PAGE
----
MER is still present, as I cant utilise an ultra low-cost broker.

I must admit it feels great to shed the leaches and ticks, low tax pension and minimal fees means a long term compounding build (hopefully)
 

Julia

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Easy said, I'm retired and knew how to make motza, it's a different kettle of fish keeping it :)
Kayman, I'm puzzled by this, unless you mean you made the 'motza' via your job, rather than investments in financial markets?

How did you get enlightened and savvied up, what tools were or are available to you?
Investing in retirement is essentially no different to investing at any other time of your life: you still need to grow your capital to cope with cost of living, inflation etc. One expense you won't have if you're retired is tax. Presumably you're drawing a pension from your Super which doesn't attract any tax?

It's a bit hard to offer anything more until you let us know whether your 'motza' has come from financial markets or whether in fact in retirement you are effectively starting all over again with investing.
 
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Hi Kayman,

I will reply online, but feel free to PM me if you wish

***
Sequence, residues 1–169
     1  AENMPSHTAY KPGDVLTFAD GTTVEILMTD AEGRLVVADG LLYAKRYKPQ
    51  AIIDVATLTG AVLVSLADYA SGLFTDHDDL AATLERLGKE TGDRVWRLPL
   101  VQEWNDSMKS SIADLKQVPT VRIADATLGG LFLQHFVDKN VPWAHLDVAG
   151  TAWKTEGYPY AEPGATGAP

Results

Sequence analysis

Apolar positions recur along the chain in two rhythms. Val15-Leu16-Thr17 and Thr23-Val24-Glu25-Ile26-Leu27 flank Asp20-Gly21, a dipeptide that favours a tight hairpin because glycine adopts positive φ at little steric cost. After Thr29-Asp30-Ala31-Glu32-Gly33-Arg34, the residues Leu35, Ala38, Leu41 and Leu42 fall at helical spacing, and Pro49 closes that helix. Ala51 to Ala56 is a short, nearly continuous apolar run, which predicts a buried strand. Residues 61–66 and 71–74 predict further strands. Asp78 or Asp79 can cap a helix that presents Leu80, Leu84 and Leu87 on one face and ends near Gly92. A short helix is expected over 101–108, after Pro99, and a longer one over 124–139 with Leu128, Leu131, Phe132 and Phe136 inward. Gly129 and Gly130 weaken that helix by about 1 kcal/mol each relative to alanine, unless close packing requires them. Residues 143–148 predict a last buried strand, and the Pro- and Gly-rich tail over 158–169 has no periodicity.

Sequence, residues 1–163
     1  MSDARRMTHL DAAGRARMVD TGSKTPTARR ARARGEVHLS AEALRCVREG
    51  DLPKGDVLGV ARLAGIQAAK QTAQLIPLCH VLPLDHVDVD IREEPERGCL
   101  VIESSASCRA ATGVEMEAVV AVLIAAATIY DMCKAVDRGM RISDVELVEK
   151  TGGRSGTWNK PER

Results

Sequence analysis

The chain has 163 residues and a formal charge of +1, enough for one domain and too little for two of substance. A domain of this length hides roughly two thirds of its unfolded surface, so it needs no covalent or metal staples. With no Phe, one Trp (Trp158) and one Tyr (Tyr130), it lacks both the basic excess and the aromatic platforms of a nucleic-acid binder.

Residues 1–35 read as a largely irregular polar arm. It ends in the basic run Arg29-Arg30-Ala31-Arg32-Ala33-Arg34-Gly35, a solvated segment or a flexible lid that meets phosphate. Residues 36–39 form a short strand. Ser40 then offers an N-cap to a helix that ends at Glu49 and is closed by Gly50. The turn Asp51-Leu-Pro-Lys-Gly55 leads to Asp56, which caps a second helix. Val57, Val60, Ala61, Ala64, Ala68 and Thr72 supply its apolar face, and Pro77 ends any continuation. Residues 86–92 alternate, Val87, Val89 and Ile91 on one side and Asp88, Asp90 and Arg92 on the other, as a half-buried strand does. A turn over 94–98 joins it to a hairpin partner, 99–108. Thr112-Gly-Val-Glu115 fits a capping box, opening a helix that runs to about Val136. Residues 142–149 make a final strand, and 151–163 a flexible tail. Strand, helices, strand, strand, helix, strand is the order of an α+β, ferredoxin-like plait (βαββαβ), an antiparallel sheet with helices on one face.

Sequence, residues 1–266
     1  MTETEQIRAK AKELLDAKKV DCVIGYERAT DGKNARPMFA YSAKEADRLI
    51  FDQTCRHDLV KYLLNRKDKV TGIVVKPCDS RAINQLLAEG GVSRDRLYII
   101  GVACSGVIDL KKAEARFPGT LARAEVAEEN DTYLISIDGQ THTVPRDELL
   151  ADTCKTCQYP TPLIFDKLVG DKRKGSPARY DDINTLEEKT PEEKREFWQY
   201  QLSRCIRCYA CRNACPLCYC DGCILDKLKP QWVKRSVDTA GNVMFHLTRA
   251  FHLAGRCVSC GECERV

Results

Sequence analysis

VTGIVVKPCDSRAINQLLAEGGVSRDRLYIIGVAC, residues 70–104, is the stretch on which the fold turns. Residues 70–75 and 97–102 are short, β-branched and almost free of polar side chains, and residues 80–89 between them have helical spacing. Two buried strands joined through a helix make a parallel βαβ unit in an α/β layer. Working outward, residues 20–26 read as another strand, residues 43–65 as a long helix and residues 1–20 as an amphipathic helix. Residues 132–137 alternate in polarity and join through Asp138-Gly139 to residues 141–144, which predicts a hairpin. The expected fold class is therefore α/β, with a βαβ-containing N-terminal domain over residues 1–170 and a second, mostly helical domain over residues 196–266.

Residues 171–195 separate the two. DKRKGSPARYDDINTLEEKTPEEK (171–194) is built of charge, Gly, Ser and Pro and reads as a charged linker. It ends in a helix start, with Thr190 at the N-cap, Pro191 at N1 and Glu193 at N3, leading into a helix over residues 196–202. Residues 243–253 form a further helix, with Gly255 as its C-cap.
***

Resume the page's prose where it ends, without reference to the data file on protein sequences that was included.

I dont have the contact details anymore of the advisors I found that were prepared to do fee for service, it was 4yrs ago.

I went the low-cost SMSF route instead

If you want a fee for service advisor, Google and phone them, is my best advice.

At the time, Mark Bouris?, the loan fellow was bleating about setting up something called Yellow Brick Road ( or similar, which was supposed to be f-f-s, but I dont know what happened )

I am not sure from your post what your intentions are, but in my case I use ASF as a sort of Open University, and there is so much material available on the Internet, and I find it surprising that more retired pople dont take an active interest.

An easy transitional strategy is to replicate your advisors portfolio setup in a low cost SMSF.

If you have a properly setup wrap, that is formerly reviewed, then you should have documentation that outlines the investment strategies?

You can get exposure to all sectors via direct shares and ETF shares

any person find themselves paying excessive advisor/wrap fees for an account that holds a large cash component...well it must make them feel like self-harming.

my total fees went from over 1% to < .07%

MER is still present, as I cant utilise an ultra low-cost broker.